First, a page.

When the Affordable Care Act first rolled out, I wrote about the spike in emergency room visits. Omabacare, as a policy, is designed to do the exact opposite – lower unnecessary ER visits by providing more people with healthcare coverage. But as we are learning, when someone is habituated to receive the quick, quality care they need at a certain place (in this case, the ER), policy alone is not going to disrupt that behavioral pattern.
Leaders in the state of Utah suggested a plan to decrease ER visits. A plan that “will reward people for agreeing to stay out of the ER for non-emergency care, but also penalize them when they wind up there.” Utah lawmakers want to financially penalize people who go to the ER “unnecessarily.” But how many of us, when we need a doctor, know what is “necessary” and “unnecessary?” When you are terrified that your father has chest pain, or afraid your son may suffocate from an asthma attack, or scared because your baby has a fever….really!? Especially if you have experienced quality care in an ER before, of course it makes sense to go. And most people who are habituated to seek care at the ER are folks who were previous uninsured; people who have not paid for medical care. So suddenly they are going to pay a fine for going to get the care they needed to feel better?! What a terrible idea! As the article states, “you can’t fix ER overuse without addressing what’s causing the problem in the first place.”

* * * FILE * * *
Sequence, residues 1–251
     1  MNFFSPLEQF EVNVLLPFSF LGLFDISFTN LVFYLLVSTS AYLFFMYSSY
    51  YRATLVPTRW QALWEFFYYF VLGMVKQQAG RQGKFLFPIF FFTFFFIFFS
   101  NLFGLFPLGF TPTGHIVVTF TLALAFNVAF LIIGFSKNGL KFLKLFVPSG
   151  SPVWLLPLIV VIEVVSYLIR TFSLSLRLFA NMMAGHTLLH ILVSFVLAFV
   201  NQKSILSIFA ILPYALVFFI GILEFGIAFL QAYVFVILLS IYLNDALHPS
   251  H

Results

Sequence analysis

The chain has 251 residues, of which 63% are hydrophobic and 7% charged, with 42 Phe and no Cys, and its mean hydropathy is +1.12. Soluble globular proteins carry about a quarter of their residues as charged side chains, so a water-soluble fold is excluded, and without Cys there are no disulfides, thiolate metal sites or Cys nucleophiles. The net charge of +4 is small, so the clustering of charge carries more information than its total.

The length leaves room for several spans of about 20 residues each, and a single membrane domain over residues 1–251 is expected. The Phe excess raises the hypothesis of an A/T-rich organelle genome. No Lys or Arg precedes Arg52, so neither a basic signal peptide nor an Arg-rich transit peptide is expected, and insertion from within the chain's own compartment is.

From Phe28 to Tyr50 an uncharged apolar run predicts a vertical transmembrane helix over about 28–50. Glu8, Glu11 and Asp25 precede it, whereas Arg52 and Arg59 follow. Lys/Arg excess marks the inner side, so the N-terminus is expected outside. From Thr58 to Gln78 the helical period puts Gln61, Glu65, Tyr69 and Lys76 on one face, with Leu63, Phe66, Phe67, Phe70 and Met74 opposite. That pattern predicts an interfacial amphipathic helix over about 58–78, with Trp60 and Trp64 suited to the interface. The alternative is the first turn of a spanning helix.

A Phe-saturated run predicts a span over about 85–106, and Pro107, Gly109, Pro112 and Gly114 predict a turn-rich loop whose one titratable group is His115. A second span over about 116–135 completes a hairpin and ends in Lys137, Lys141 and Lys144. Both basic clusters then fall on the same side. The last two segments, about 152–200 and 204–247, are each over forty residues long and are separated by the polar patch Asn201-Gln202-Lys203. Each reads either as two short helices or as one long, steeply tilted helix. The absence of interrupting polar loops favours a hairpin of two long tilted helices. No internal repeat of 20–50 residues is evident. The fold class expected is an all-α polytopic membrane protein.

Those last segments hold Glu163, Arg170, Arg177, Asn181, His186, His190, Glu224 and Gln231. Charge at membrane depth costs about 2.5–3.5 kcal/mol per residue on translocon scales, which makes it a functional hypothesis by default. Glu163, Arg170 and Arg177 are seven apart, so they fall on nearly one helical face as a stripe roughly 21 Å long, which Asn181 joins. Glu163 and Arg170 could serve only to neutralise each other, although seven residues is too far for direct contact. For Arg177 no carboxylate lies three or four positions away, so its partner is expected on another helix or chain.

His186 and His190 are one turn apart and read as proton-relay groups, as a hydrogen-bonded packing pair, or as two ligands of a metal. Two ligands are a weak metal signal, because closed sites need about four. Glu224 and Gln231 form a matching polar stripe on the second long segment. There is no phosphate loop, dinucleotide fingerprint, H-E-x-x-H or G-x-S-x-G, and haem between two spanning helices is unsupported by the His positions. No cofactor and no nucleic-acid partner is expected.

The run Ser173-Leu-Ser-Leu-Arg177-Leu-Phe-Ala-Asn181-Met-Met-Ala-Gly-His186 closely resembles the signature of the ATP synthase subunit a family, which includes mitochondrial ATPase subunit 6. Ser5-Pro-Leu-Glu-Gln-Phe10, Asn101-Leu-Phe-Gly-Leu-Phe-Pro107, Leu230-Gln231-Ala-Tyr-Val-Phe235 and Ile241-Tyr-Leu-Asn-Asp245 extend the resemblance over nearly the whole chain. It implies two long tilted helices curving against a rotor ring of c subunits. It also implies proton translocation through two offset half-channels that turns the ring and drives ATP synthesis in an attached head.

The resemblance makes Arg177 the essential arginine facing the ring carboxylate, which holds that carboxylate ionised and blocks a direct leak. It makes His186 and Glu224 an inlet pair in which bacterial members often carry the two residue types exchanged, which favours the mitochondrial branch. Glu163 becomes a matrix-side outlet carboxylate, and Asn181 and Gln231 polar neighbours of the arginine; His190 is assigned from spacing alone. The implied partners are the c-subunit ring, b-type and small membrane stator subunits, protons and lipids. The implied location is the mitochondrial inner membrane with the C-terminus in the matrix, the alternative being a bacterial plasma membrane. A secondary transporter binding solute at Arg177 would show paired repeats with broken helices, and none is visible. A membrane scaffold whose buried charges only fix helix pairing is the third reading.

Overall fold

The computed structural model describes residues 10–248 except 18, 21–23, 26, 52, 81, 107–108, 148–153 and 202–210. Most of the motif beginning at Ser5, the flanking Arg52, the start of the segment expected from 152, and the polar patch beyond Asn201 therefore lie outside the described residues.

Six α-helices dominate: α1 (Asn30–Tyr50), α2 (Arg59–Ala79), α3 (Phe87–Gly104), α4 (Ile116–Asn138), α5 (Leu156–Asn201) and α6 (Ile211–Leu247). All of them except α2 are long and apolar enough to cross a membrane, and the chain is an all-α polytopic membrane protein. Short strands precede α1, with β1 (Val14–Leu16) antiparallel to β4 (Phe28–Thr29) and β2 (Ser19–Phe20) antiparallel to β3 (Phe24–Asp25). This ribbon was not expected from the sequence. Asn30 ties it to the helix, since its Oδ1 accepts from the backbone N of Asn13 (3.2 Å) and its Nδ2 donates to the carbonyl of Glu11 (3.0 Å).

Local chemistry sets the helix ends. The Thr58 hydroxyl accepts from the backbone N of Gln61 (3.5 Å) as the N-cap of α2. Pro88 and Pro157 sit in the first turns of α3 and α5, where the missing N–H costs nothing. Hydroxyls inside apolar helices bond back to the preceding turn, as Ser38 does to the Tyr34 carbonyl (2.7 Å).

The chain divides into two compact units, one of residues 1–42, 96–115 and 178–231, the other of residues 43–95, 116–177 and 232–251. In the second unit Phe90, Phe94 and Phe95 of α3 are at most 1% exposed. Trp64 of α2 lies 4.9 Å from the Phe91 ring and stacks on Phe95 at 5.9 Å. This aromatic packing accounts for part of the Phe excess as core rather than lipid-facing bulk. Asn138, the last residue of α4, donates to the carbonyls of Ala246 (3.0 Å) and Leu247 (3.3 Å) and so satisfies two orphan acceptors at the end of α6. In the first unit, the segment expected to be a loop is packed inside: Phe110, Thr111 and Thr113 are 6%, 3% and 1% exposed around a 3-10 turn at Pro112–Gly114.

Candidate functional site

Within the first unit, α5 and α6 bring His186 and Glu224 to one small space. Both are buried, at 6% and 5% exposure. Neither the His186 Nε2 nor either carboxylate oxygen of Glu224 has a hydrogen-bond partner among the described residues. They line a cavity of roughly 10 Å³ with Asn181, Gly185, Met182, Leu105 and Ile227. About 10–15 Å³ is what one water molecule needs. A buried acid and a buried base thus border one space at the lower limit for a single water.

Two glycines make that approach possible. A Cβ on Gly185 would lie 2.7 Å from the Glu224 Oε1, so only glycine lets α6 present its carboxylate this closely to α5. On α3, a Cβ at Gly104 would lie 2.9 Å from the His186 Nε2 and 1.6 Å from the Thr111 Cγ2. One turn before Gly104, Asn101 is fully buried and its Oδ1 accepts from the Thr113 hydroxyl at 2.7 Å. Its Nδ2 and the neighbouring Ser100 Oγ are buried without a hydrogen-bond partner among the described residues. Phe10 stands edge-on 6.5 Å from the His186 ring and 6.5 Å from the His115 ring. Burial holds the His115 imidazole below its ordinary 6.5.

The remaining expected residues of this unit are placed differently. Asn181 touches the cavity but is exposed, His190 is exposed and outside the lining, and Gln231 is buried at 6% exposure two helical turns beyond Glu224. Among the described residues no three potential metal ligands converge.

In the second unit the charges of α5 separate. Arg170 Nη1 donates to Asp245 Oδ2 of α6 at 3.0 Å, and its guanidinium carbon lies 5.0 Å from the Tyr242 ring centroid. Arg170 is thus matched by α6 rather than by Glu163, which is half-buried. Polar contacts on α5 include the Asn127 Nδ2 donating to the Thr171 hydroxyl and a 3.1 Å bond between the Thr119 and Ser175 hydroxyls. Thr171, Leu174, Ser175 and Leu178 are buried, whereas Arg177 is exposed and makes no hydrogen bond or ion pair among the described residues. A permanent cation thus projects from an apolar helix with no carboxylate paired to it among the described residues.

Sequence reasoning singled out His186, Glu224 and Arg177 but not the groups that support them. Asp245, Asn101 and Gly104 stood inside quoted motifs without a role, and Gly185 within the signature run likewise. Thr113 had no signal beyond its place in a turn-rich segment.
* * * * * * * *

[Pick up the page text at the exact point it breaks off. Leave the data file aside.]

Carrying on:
I don’t know what the current status of the Utah law is, but we must take a moment to diagnose the problem before we enact a solution.
As systems engineer Dr. Peter Hovmand writes “how problems are defined has a lot to do with the solutions being sought.” Problem scoping and framing is critical to any design challenge.
When it comes to why people may unnecessarily go to the ER, here are three behavior design parameters you can use to define the problem:
1. What and how intense are the behavioral drivers to the ER?
What motivates people to go to the ER? Fear, confusion, worry? If so, they are making decisions with the emotional part of their brain.
What enables people to go to the ER? Convenience? Perhaps the ER is in close proximity. Familiarity? Maybe there is a friendly nurse who works there.
And how intense are these drivers?
2. How habituated are people to go to the ER?
How often and for how long have people been seeking care in the ER? Once per week or per month? For months or years? Or just once before?
3. What and how intense are the behavioral reinforcers to return to the ER?
What about an ER experience tells people to return when care is needed again? Perhaps the ER provides the comfort to calm the confusion. Again, how intense are these reinforcers?
Insights to these questions will help scope the problem. We must understand motivations and feelings to shed light on intervention design opportunities.